In reality the Triduum is a single three-day celebration that includes Good Friday, Holy Saturday and Easter Sunday. It begins on the evening of Holy Thursday, which is the vigil of Good Friday. For the Jewish people, the day begins at sunset of the previous day. The Triduum ends at sunset on Easter. For this reason, there is no concluding ritual on either Thursday evening or on Friday, because the observance is seen as continuing for the three days. For our purposes we will treat each of the three liturgies separately.
At the center of the Holy Thursday celebration is the Eucharist, not as it is in every liturgy, but in a special way as we remember and reflect upon the great gift of Thanksgiving that Jesus left us. In the opening prayer we are told that “He gave it to us when he was about to die and commanded us to celebrate it as the new and eternal sacrifice.”
The importance of remembering is brought out by the Passover story from Exodus which concludes with the words: “This day shall be a memorial feast for you, which all generations shall celebrate with pilgrimage to the Lord, as a perpetual institution.”
Interestingly the scripture recalling the institution of the Eucharist is taken from the Epistle of St. Paul to the Corinthians. The memorial or remembrance theme is continued with Jesus’ words: “This is my body that is for you. Do this in remembrance of me.” He repeats it with the cup when he says; “This cup is the new covenant in my blood. Do this, as often as you drink it, in remembrance of me.”
With these simple words the Lord not only instituted the Eucharist, but also the means of continuing it by providing a ministerial and hierarchical priesthood. We are reminded of exactly what the Eucharist is by the responsorial psalm: “our blessing-cup is communion with the Blood of Christ.” It is the Eucharist that unites with Jesus as well as one another.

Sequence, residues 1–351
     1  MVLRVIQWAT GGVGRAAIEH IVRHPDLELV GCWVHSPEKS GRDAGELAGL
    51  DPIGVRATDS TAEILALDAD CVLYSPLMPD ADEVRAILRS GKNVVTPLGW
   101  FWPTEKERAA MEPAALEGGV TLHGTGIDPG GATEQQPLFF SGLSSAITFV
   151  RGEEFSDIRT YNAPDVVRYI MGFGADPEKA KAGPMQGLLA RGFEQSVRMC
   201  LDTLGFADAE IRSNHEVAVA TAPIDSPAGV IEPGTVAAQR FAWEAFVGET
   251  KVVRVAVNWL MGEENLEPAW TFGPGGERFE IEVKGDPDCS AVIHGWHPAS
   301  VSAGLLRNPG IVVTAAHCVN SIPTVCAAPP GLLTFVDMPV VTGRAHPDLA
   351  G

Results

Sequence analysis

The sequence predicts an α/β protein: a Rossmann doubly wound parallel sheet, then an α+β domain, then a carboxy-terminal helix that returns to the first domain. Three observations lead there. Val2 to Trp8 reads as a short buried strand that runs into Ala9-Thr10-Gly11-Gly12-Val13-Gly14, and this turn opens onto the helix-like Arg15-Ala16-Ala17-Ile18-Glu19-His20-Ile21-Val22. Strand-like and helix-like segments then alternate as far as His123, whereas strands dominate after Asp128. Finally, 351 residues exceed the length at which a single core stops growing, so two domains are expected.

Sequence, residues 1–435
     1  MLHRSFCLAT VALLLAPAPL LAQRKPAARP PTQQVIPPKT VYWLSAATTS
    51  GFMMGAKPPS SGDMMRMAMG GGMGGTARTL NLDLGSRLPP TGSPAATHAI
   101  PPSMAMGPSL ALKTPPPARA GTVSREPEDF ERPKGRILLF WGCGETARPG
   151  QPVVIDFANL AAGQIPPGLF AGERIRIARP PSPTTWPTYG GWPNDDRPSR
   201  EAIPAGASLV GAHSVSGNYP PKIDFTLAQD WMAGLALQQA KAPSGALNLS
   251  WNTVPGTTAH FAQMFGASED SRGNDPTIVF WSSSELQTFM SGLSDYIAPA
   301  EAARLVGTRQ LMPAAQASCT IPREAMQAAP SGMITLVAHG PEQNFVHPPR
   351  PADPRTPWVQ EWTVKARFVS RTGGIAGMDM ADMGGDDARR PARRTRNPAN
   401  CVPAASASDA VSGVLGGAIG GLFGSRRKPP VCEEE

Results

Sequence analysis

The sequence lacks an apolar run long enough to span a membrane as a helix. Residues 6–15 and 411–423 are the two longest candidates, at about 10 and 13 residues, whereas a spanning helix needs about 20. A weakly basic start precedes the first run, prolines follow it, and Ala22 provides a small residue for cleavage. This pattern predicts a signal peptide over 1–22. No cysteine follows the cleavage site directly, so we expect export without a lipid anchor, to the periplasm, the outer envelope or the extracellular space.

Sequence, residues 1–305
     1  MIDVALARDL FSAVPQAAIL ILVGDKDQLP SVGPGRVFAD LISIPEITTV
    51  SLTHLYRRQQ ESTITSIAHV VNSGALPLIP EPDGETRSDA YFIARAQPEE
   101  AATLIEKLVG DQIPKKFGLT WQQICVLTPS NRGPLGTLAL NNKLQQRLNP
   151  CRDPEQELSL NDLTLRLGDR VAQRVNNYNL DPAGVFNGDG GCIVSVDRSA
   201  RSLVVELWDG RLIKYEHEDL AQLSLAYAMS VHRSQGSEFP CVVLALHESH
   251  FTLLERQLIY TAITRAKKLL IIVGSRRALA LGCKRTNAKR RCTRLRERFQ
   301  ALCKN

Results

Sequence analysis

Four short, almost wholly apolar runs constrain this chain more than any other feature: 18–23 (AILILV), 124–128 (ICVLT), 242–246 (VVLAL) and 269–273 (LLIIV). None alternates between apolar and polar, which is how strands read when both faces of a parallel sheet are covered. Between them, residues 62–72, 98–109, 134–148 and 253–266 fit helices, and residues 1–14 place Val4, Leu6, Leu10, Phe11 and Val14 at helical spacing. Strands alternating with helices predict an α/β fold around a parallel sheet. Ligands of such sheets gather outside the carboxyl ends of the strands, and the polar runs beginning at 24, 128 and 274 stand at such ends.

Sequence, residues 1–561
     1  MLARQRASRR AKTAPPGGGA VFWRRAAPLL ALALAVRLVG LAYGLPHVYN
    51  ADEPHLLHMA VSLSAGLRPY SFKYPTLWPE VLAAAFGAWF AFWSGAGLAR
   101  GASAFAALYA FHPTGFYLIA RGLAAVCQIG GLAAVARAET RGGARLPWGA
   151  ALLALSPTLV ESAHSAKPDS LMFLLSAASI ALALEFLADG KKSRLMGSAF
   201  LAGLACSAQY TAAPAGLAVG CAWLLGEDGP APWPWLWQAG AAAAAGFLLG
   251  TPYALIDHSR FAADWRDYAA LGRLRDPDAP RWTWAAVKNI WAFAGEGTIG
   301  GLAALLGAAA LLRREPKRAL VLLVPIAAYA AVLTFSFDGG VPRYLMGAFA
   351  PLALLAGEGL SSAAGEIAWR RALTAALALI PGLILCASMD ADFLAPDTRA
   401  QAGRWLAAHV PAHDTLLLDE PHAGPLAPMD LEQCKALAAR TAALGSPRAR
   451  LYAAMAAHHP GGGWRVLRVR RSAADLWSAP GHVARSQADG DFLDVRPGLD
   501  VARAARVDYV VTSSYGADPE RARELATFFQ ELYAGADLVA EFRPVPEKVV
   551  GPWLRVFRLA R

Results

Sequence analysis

In the gospel from St. John we see that Jesus commanded us not only to celebrate and remember him in worship but also in service. When Jesus began to wash the disciples’ feet, impetuous Peter shouted out “You will never wash my feet.” Not surprising since the task of washing feet was not that of a servant but of a slave.
Jesus not only took on human flesh, but the role of a slave and then commanded his disciples to do the same. “I have given you a model to follow, so that as I have done for you, you should also do.” This theme of servant and slave will be amplified in the readings as the celebration continues on Good Friday.
During the liturgy of the Eucharist enough bread is consecrated to provide for the Friday observance. Because the bread for Friday is consecrated on Thursday evening, the Friday liturgy was at one time referred to as the Mass of the Pre-sanctified.
Finally, with no closing ceremony, the Eucharist is carried in procession to a chapel where it will be reserved until Friday. During the procession the Pange Lingua an ancient hymn that celebrates the institution of the Eucharist , is sung. The altar is stripped bare and any crosses in the church are covered.
We are left to reflect upon the unmistakable fact that worship of God is eternally linked to service to others.
This post is also available in/Esta entrada también está disponible en: Spanish